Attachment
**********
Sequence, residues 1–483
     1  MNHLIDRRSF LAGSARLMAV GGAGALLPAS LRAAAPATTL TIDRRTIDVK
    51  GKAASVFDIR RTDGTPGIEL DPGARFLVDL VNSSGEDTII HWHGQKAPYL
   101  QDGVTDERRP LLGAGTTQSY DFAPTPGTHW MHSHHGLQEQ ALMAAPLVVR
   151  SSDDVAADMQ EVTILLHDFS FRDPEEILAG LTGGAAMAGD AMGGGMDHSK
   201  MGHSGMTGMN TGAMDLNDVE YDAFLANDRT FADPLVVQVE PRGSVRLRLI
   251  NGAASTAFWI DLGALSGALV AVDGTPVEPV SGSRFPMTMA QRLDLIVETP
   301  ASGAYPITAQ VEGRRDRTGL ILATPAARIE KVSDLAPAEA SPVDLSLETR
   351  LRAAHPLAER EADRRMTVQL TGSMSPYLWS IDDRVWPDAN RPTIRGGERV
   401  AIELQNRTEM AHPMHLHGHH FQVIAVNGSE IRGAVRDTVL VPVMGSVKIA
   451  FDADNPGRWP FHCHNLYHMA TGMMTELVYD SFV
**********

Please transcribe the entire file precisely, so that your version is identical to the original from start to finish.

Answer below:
Sequence, residues 1–483
     1  MNHLIDRRSF LAGSARLMAV GGAGALLPAS LRAAAPATTL TIDRRTIDVK
    51  GKAASVFDIR RTDGTPGIEL DPGARFLVDL VNSSGEDTII HWHGQKAPYL
   101  QDGVTDERRP LLGAGTTQSY DFAPTPGTHW MHSHHGLQEQ ALMAAPLVVR
   151  SSDDVAADMQ EVTILLHDFS FRDPEEILAG LTGGAAMAGD AMGGGMDHSK
   201  MGHSGMTGMN TGAMDLNDVE YDAFLANDRT FADPLVVQVE PRGSVRLRLI
   251  NGAASTAFWI DLGALSGALV AVDGTPVEPV SGSRFPMTMA QRLDLIVETP
   301  ASGAYPITAQ VEGRRDRTGL ILATPAARIE KVSDLAPAEA SPVDLSLETR
   351  LRAAHPLAER EADRRMTVQL TGSMSPYLWS IDDRVWPDAN RPTIRGGERV
   401  AIELQNRTEM AHPMHLHGHH FQVIAVNGSE IRGAVRDTVL VPVMGSVKIA
   451  FDADNPGRWP FHCHNLYHMA TGMMTELVYD SFV